Well, that is excellent news. Like I said, I have nothing against MSE. I will gladly use it again when they release a new stable version.

This video made by another neowin user shows the issue: http://www.youtube.com/watch?v=zb8aTTsZwpM

I have seen issues where MSE has appeared to cause slowdowns on large folders (quick scans of each executable file) and any time a large stream of data is hitting the hard drive (encoding tasks). Then again this has been true for other scanners too so I wouldn't necessarily call it a bug. I can usually work through the delay although I turn off the real time scan during encoding sessions.

TheWiseIstari said,
2. I've seen MSE miss viruses that Avast stopped even before they could download.

What you've seen is bloat, and system slowdown. MSE doesn't need to scan emails as they are being downloaded, or check every element of a web page before it is displayed.

MSE scans them when they are read/written to the disk.

It does it once, and it doesn't need to stick its finger into everything running on your PC to slow it down, by intercepting and redirecting everything your computer does.

Cool, Comcast actually did something right in my mind! Too bad we use 100% u-verse now... oh well! I still get my stuff for free anyways through beta testing...

ryanmcv said,
McAfee and Norton are both bloated junk. I'll stick with Microsoft Security Essentials.

Actually norton isn't nearly as bad on the bloat factor as they used to be. They still have horrible false positive rates.

smooth3006 said,
WOW.... they moved from junk to junk...IMO! avira premium + comodo ftw

I've seen more issues with avira than I prefer to. Comodo tends to be too intrusive imo.

smooth3006 said,
WOW.... they moved from junk to junk...IMO! avira premium + comodo ftw

I prefer AVG Free If you want protection just run Mac or Linux ;)

iAurora said,
1st

Norton is better these days, but they both aren't very good. Microsoft Security Essentials FTW.


I'm pretty sure MSE is not superior to Norton on terms of virus detection rates.

I dislike both Norton and McAfee, but I'd say Norton is better and as users are getting it for free it's not that bad.

Microsoft Security Essentials all the way. Its free and light and actually works!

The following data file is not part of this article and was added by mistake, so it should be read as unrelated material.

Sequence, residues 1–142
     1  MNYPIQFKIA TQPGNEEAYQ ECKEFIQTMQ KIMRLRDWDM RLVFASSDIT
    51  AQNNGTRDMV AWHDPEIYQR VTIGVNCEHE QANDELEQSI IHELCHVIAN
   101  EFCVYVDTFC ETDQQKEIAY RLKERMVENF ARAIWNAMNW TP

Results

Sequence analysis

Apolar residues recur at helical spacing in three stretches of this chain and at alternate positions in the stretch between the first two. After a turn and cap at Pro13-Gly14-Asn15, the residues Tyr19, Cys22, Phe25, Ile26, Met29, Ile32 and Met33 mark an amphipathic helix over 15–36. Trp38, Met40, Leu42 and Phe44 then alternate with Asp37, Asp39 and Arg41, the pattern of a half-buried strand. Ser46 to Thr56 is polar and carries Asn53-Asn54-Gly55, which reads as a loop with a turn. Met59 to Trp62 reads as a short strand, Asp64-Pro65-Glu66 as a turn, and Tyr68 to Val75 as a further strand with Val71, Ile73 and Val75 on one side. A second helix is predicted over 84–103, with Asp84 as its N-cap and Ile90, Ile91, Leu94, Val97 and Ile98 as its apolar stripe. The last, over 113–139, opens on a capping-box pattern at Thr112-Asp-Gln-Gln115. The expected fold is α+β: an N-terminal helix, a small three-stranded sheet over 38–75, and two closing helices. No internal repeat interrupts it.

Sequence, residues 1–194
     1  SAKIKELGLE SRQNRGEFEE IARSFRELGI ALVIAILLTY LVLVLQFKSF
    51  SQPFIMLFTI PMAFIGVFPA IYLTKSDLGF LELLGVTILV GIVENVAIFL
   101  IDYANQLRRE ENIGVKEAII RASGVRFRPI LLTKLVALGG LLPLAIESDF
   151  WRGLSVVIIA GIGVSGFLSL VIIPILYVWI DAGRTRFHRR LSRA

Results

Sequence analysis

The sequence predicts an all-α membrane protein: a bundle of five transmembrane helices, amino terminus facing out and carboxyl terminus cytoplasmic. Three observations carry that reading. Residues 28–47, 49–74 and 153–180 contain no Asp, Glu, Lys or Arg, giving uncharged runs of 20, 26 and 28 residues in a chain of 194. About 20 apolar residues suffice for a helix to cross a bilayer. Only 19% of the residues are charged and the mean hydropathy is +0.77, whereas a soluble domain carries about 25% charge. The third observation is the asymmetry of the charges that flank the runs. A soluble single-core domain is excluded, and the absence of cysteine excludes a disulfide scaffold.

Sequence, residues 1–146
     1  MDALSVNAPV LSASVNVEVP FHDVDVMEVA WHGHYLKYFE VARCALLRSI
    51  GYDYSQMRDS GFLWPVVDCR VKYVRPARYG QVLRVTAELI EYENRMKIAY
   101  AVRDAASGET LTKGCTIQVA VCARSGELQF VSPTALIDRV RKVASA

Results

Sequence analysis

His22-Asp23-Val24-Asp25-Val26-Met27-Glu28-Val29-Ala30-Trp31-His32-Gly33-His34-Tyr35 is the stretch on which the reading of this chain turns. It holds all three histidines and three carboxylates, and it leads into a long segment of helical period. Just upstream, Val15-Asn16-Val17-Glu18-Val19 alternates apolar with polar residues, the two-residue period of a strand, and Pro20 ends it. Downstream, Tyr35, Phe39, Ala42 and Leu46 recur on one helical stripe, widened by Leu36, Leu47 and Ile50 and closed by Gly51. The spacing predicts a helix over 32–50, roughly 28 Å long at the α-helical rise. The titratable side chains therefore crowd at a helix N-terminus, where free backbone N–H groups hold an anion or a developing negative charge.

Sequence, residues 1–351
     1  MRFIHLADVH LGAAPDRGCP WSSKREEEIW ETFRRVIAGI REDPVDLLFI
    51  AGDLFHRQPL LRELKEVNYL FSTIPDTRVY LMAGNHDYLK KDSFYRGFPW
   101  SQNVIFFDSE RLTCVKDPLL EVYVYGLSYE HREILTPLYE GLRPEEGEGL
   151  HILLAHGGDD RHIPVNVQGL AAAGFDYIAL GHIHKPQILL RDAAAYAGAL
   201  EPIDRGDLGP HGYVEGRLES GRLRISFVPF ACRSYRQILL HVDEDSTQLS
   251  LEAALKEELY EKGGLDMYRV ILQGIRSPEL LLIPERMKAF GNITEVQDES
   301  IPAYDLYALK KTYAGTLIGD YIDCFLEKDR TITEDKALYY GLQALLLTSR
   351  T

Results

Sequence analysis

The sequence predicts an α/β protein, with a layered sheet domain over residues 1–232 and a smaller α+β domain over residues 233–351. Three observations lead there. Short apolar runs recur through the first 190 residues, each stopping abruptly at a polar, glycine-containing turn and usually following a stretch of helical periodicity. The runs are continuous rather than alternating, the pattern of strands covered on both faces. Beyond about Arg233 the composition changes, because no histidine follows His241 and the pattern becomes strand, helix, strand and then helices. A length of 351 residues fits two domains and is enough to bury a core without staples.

Norton is buggy, bogs down your machine, sticks its finger into everything (where you DON'T want it) and they want to charge you for the privilege. This is just a "bait and switch" tactic by Norton to try and lock some suckers into their software.

I hate the way Nortons now flag almost every useful program as a "virus" even though it is not. I've lost so many programs to this nonsense of mis-clasifying everything from a professional network scanner, to the odd keygen, as trojans or viruses.

Simply put Nortons can not be trusted. I'd actually classify it as "malware" if I wrote my own antivirus software.

It'll be interesting to see how long before this "free" software starts asking for $$$$ to "maintain the protection" and download the latest definitions.

Mikeyx11 said,
I'm pretty sure MSE is not superior to Norton on terms of virus detection rates.

Its an illusion. Nortons misclassifies a lot of things. Probably deliberately to give the less informed users the "appearance" that Nortons "saved" them again from getting a virus.

Also if Nortons just sits in the background nicely and never pops anything up, quite possibly a lot of users would (rightly) not renew their subscriptions.

Nortons are just creating panic and insecurity in their customers minds to get them to cough up more money every years for a "subscription"

Edited by dvb2000, Jan 26 2010, 5:57am :

iAurora said,
1st

Norton is better these days, but they both aren't very good. Microsoft Security Essentials FTW.

Actually, the lastest rounds of test with VB100 (Dec09) and MSE it passed the test. Not sure about past test results for comparison.

Edited by etempest, Jan 26 2010, 9:33pm :